Obama signs Plain Writing Act of 2010
The purpose of the Act is
"to improve the effectiveness and accountability of Federal agencies to the public by promoting clear Government communication that the public can understand and use."
The Act applies to “covered documents”, which are defined as including:
• documents necessary for getting any Federal benefit or service, or for filing taxes,
• any document that provides information about any benefit or service provided by the Federal government, and
• any document that explains to the public how to comply with a requirement the Federal government administers or enforces.
The Act applies to letters, publications, forms, notices, and instructions, but does not apply to regulations. (Ironically, because of the way the Act is structured (in particular, subsection 3(2)) it’s a bit tricky to figure out that there’s an exception for regulations. The exception could have been expressed in a clearer – plainer – way, but never mind.)
So what is plain writing? The Act basically defines it as writing that's clear, concise, well-organized and appropriate to the intended audience (something I usually refer to as “reader-focused writing”).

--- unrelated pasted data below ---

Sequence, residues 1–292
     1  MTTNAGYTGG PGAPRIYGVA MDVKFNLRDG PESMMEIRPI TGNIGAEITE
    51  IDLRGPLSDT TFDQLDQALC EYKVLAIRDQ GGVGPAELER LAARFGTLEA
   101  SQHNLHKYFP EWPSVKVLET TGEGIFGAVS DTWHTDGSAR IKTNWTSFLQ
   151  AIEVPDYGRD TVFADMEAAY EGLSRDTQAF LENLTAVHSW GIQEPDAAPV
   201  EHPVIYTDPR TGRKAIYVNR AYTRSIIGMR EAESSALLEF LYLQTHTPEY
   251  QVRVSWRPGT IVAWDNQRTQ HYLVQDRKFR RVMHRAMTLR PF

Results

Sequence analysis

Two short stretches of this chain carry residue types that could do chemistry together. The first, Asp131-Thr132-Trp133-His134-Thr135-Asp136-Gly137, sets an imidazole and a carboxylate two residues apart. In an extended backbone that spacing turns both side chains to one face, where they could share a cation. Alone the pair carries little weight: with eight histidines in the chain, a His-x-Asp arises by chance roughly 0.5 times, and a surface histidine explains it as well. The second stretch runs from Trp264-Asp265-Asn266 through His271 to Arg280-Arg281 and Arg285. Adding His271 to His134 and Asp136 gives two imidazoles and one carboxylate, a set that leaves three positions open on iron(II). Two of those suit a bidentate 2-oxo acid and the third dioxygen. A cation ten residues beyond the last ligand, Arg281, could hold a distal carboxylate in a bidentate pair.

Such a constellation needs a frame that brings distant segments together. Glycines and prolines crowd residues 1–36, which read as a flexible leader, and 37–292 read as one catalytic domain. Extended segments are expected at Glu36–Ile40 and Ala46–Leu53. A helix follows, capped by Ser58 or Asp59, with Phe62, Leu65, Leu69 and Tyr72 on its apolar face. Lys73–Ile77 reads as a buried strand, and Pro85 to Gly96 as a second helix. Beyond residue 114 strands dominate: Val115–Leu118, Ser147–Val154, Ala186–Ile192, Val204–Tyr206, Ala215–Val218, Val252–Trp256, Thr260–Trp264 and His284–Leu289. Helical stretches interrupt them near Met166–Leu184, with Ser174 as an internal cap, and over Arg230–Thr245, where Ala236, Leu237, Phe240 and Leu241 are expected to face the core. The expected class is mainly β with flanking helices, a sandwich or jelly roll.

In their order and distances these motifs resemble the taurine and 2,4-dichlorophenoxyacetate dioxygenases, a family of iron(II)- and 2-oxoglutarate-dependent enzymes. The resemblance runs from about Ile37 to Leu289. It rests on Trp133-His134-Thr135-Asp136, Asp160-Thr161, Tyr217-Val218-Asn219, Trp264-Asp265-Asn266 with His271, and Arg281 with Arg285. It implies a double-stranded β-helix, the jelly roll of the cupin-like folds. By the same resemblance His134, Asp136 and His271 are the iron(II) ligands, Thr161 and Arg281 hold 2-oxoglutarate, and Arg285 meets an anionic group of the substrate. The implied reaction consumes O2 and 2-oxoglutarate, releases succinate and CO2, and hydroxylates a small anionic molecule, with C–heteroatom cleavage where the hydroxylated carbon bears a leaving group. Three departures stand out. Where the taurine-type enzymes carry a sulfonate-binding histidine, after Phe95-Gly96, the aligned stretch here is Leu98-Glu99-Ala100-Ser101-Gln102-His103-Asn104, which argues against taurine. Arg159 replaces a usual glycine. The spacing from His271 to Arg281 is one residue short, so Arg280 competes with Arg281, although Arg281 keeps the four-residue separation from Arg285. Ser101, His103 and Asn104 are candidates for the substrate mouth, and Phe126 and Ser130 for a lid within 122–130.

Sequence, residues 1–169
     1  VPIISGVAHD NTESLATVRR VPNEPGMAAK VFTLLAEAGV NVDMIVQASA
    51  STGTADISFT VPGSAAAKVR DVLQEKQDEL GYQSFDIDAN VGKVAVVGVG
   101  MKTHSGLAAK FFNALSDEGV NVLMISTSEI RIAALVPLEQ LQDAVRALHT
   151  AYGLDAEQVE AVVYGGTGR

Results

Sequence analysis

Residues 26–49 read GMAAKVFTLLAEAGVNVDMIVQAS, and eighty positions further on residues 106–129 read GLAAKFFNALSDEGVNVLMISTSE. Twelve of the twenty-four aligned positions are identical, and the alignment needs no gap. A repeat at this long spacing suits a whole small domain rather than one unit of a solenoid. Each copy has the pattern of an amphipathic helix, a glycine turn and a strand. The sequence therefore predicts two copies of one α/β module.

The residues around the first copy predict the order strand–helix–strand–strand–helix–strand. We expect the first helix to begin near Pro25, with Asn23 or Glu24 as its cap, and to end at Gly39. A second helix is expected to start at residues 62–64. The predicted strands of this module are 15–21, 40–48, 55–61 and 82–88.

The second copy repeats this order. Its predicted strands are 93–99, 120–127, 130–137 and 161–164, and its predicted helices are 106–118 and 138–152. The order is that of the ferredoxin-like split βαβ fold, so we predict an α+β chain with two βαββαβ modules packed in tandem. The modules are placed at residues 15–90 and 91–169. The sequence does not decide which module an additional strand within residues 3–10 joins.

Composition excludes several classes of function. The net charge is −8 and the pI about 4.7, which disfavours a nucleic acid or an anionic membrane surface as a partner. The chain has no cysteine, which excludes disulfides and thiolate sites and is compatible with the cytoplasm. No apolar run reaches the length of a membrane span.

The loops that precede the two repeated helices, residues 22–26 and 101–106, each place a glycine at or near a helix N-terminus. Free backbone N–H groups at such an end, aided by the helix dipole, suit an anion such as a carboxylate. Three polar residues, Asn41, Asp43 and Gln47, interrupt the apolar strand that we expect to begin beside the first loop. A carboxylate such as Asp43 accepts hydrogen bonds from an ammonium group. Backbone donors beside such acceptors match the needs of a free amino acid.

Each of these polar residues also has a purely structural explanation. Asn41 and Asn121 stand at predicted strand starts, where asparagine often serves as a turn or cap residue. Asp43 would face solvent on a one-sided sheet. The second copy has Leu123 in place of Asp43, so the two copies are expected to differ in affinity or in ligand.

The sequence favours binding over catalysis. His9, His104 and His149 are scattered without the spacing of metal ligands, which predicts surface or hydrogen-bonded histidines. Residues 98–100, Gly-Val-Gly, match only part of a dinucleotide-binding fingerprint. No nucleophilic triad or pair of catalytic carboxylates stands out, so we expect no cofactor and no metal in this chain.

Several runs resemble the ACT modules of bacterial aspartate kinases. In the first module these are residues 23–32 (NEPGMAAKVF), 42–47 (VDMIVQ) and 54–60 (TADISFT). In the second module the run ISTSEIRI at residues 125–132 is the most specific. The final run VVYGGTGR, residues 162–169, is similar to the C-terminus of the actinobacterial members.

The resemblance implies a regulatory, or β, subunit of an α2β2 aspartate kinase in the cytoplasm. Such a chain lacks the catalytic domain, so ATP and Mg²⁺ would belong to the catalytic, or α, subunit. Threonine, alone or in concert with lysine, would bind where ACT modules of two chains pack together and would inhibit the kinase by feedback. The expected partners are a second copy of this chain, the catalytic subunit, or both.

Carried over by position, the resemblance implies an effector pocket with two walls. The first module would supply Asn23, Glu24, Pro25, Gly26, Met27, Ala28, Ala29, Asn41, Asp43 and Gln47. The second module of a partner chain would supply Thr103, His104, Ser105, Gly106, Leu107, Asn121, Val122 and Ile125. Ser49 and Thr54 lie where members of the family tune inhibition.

Federal agencies have nine months to prepare and implement a number of plain writing requirements, including training their employees in plain writing and creating a plain writing section of their website. By October 13, 2011 (one year from the date the Act was signed by the President) Federal agencies must use plain writing on all “covered documents” they issue or substantially revise.
As a plain language consultant and advocate, I’m thrilled about the Act because it is recognition of both the importance of plain language, and the need for it. As a citizen, I cheer the U.S. government’s efforts at making their communications understandable. Though the Act only applies to documents created by Federal agencies, I have to believe that companies and organizations in the private sector will see the benefit and will hop on the bandwagon.